WASHINGTON – Press secretary Jen Psaki said the White House is facing “really difficult choices” on how to address the surge of undocumented migrant children coming to the United States.
“It’s incredibly difficult and quite an emotional issue for many of us in the White House, whether you’re a parent or not, or just watching these stories and hearing these reports,” Psaki said in an interview on MSNBC’s “Morning Joe.”
More than 3,250 migrant children are in custody along the U.S.-Mexico border, according to a report by The New York Times . Many of the children are staying in holding cells longer than the three days allowed by law, The Times reported.
Psaki said thousands of children are crossing the U.S. southern border because “this administration did not feel that it was humane or moral to send kids back … on the treacherous journey back to countries where they were fleeing persecution, where they were fleeing really difficult circumstances.”
She noted that because of the influx, it has been difficult to find facilities to transfer children where they could have access to lawyers, education and health care. She also said the Biden administration is taking more time to vet sponsors, or the adults to whom children would be turned over from the migrant facilities.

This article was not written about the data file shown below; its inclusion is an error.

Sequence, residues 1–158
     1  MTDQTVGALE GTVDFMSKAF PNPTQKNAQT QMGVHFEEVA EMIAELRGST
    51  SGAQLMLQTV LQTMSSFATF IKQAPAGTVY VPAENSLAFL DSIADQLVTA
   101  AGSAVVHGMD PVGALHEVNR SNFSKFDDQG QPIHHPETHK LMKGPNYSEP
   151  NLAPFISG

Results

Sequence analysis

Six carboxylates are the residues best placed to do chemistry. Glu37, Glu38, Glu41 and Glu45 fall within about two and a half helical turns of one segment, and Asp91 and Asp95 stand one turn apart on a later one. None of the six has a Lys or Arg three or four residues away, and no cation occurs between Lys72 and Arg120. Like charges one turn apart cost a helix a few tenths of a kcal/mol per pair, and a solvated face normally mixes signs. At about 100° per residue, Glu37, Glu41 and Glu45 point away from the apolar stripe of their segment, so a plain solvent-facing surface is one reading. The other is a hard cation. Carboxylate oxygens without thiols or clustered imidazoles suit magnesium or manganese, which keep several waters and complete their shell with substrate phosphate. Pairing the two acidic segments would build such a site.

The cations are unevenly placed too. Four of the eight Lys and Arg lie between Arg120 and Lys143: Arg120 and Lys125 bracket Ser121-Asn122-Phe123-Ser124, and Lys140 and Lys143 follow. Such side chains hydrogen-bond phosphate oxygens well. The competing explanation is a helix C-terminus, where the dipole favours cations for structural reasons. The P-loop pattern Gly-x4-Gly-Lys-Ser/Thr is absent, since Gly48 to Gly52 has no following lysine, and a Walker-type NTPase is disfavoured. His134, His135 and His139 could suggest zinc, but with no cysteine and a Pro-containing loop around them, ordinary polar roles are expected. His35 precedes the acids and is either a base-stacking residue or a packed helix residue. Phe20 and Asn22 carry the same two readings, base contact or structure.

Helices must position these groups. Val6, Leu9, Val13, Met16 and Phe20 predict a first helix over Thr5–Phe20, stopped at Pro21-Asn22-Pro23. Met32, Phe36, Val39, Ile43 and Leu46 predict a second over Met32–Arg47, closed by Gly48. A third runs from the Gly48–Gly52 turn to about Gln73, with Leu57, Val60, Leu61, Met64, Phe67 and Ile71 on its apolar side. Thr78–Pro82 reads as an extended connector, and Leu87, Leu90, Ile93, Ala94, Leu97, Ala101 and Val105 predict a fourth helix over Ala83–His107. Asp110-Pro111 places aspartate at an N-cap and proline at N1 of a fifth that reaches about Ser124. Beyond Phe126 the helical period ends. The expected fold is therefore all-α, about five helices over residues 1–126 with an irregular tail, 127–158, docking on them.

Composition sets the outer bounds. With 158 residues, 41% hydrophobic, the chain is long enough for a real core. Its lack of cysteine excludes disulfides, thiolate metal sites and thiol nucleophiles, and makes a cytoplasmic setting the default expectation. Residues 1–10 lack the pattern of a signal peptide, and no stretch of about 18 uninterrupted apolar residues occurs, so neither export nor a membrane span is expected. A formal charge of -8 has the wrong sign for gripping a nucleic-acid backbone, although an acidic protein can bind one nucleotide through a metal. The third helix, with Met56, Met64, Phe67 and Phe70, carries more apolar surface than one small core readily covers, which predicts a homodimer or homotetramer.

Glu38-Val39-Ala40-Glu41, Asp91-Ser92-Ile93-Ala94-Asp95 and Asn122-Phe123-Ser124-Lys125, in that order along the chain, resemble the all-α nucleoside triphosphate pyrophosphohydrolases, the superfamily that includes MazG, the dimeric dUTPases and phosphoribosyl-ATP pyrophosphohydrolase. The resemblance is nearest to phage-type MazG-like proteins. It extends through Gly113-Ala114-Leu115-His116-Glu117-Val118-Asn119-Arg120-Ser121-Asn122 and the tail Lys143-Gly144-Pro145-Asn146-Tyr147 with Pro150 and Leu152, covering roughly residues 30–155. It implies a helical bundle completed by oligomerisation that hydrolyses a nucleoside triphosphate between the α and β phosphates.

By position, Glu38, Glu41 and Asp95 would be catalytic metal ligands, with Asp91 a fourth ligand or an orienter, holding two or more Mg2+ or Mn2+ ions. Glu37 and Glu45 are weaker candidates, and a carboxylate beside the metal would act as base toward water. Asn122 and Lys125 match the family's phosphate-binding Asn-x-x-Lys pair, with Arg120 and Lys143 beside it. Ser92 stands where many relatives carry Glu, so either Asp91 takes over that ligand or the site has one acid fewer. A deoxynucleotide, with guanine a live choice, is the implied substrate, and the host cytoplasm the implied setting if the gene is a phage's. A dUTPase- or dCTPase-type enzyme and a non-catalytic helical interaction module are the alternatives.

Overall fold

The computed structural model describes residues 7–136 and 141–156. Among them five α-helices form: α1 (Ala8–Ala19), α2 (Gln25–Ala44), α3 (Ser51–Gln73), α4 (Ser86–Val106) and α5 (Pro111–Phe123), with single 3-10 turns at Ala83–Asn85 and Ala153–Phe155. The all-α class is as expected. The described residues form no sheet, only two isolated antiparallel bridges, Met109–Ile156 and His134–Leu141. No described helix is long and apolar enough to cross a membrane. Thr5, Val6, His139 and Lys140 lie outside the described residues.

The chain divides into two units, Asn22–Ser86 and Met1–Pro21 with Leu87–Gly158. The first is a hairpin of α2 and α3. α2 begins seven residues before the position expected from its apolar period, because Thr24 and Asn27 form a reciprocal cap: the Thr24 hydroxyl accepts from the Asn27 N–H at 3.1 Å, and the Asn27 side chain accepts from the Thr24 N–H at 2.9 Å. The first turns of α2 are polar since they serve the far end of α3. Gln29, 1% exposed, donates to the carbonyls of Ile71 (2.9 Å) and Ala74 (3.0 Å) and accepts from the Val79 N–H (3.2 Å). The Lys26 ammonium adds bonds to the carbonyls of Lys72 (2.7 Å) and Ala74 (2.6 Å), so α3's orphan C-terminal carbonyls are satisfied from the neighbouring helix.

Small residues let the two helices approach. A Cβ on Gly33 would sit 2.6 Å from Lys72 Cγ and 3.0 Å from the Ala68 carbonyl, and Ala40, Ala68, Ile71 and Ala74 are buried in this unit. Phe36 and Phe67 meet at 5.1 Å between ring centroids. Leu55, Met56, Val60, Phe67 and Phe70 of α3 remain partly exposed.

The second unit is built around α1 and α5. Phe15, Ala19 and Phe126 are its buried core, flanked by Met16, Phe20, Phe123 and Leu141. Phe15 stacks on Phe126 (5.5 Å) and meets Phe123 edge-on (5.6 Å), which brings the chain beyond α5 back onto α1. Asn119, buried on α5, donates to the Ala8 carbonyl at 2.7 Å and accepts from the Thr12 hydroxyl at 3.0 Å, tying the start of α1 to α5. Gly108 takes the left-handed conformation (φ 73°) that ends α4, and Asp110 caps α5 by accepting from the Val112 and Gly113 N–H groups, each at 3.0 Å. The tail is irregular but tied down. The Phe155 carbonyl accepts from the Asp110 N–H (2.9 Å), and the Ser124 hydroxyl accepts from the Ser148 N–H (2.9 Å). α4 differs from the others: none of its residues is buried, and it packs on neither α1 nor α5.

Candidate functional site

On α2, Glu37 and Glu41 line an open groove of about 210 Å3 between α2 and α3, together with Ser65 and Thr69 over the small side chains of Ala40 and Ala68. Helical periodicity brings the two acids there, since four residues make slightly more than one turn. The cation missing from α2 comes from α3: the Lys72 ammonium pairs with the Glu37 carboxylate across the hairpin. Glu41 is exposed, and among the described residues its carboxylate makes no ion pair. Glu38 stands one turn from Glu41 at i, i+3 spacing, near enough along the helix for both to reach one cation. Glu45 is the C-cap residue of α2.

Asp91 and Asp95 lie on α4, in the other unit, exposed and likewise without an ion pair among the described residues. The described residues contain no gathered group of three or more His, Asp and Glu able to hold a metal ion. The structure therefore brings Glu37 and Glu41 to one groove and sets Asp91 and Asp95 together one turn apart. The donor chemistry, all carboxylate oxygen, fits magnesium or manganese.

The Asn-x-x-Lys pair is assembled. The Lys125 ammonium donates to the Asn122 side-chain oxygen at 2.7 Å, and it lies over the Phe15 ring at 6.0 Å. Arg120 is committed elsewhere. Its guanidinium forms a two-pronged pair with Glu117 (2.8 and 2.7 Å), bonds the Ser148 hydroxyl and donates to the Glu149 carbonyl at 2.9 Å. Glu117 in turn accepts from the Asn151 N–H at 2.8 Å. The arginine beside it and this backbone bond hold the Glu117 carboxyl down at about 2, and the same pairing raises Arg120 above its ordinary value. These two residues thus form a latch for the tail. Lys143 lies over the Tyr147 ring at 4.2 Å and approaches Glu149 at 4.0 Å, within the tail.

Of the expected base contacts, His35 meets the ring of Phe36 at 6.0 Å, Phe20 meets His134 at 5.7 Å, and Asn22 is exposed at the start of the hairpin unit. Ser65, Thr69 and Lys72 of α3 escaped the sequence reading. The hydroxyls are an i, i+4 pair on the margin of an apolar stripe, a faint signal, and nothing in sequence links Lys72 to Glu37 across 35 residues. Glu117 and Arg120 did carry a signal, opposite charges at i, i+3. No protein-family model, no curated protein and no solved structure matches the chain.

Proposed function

“During the Trump administration, sometimes there was a jump to connect kids to individuals, to adults, who claimed they were family members or claimed they knew them,” Psaki said. “There are issues of child trafficking, we need to prevent that, too.”
Under U.S. law, migrant children are separated from the adults with whom they arrive – often a grandparent, older sibling or other relatives – until federal officials can confirm the accompanying adult is their relative. The procedure is designed to protect minors from human traffickers and grant them legal protections, and it is different from the Trump administration’s “zero-tolerance” policy that separated children from their parents.
Children are often transferred to federal shelters until their sponsor is fully vetted, which could take weeks or months.
Psaki said the problem is “something that is front and center” for President Joe Biden.
“I’ve been in many meetings with the president where he asked: ‘How can this be faster? How many teachers do they have access to? Do we have enough health and medical experts?'” Psaki said. “Those are the kinds of conversations that are happening internally.
“The challenge is there are a lot of really difficult choices. We are trying to chart the best path forward. But there’s no question, this is a heartbreaking circumstance at the border.”